Why The U.S. Wants To Ban TikTok

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The dispute regarding the fate of TikTok escalated further on Wednesday when the Biden Administration warned of a potential nationwide prohibition on the viral video app unless its Chinese parent company agreed to sell its ownership stake. The Wall Street Journal first broke the news of the latest request for divestiture.


Cfius Demands A Divestiture From ByteDance

CFIUS issued an ultimatum to ByteDance regarding TikTok, increasing tension between the two parties. The U.S. government is concerned about the app’s Chinese ties and the possibility of national security risks. As a Chinese company, ByteDance is subject to national security regulations that could allow China’s Communist Party to access critical information about Americans.


Push To Ban Tiktok In The U.S.

TikTok has gained over 1 billion active users since its 2016 launch, including 100 million in the U.S., but concerns about the Chinese government’s access to user data have led to efforts to ban the app. Representative Michael McCaul and other Republican lawmakers claim that by downloading TikTok, users have potentially given the Chinese Communist Party access to their personal information, likening it to a “spy balloon” that allows the party to gain entry into their mobile device.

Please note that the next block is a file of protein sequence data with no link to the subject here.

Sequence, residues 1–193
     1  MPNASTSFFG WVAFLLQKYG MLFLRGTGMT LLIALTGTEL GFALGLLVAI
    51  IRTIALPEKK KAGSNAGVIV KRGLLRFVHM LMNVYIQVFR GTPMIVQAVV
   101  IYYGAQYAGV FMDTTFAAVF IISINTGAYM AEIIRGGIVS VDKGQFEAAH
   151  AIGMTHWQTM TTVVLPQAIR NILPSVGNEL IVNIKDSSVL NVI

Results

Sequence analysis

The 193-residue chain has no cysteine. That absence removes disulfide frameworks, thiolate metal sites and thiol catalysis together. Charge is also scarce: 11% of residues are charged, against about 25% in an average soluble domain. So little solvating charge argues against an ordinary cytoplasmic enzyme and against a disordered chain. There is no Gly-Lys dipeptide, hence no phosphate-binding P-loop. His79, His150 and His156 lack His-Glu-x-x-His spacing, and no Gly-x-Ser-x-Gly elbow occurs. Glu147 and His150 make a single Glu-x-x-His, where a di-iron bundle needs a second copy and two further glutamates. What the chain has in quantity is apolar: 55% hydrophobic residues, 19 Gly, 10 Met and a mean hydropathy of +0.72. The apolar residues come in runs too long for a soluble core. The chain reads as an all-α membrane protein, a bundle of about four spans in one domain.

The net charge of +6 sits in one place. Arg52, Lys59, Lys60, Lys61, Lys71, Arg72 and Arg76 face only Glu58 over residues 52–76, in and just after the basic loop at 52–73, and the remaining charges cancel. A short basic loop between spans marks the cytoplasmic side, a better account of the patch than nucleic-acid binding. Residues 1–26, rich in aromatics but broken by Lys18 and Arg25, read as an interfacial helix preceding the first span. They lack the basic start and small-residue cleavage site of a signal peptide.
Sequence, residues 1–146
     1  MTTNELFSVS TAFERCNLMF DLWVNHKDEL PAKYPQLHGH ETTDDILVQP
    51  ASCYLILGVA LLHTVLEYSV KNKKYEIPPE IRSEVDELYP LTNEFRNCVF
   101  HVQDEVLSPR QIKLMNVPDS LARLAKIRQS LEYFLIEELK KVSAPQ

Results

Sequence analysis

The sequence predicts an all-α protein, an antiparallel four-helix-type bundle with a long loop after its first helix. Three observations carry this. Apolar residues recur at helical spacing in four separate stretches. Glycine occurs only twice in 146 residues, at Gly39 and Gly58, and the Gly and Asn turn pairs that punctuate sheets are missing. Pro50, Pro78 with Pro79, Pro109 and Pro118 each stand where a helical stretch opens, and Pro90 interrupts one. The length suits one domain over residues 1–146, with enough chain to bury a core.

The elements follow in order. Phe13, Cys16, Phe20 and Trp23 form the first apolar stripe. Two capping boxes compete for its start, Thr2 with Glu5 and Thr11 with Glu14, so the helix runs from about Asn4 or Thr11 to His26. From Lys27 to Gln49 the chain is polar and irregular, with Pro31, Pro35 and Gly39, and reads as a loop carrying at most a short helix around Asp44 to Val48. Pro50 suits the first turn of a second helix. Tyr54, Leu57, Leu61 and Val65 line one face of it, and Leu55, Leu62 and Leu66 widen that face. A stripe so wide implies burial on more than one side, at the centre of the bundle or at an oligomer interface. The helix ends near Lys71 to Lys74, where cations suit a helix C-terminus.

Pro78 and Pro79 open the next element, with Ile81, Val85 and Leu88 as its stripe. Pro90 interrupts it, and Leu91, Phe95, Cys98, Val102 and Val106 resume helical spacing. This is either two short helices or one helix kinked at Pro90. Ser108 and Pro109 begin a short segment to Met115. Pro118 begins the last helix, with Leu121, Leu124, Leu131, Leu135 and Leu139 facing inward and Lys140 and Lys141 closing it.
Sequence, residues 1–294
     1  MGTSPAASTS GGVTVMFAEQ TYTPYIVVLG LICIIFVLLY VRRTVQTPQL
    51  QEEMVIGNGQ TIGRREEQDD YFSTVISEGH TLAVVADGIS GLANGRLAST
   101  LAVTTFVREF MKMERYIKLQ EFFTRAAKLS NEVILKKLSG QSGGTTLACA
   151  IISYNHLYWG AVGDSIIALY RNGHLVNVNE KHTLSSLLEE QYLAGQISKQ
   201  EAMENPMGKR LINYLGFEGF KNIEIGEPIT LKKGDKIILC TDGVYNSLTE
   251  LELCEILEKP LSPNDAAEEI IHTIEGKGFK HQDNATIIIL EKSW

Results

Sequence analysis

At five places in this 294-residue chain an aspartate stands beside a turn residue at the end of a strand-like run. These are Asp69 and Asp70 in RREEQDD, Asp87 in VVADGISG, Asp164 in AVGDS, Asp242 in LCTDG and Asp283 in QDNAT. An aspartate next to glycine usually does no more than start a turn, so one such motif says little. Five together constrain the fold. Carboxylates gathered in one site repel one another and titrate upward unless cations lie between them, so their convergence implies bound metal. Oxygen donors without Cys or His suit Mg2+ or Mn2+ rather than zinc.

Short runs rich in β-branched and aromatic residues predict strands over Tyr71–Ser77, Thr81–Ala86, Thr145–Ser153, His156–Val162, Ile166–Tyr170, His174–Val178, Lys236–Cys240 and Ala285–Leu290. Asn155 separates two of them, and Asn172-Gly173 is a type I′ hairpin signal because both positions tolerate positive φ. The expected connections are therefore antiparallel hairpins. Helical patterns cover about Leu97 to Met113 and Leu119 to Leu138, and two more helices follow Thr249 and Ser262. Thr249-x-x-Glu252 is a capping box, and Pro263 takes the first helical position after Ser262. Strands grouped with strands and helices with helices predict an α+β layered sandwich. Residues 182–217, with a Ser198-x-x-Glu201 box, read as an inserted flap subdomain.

TikTok’s Response

TikTok is strongly opposed to CFIUS’s demand for divestiture, saying it won’t solve security issues. The company believes that changing ownership won’t impose new restrictions on data flows or access, and that transparency is the need of the hour to address national security concerns. According to a representative from TikTok, the company is already implementing third-party vetting, monitoring, and verification to protect its users’ data and systems in the U.S.


CEO Of TikTok Set To Testify

TikTok CEO Shou Zi Chew is set to appear before Congress next week as lawmakers express concern over the app’s security risks. The hearing will focus on issues such as data privacy, content moderation, and foreign interference in U.S. elections through the platform. While TikTok has taken steps to address these concerns, including partnering with third-party content moderators and establishing a transparency center, U.S. officials remain unconvinced of its security credentials.


Bans On TikTok In Other Countries

Several countries have cut ties with TikTok due to privacy and security concerns. India banned several Chinese-owned apps, including WeChat, amid rising tensions at the India-China border. Other countries are struggling to balance users’ privacy with national security concerns as the debate around TikTok’s security credentials continues. Pakistan banned the app several times due to concerns about inappropriate content, and Afghanistan’s Taliban government banned it for leading youth astray. Canada, the U.S., and Taiwan have restricted access to the platform on government-issued devices. The UK has also banned the use of TikTok on government devices.


Impact On TikTok Users

The potential TikTok ban is worrying content creators who rely on the platform for income through the Creator Fund and brand deals. Top earners on TikTok can make up to $250,000 per sponsored post. Some users fear losing their careers if the app is banned, with one user questioning who will inform the Biden administration that TikTok is crucial to some people’s livelihoods.

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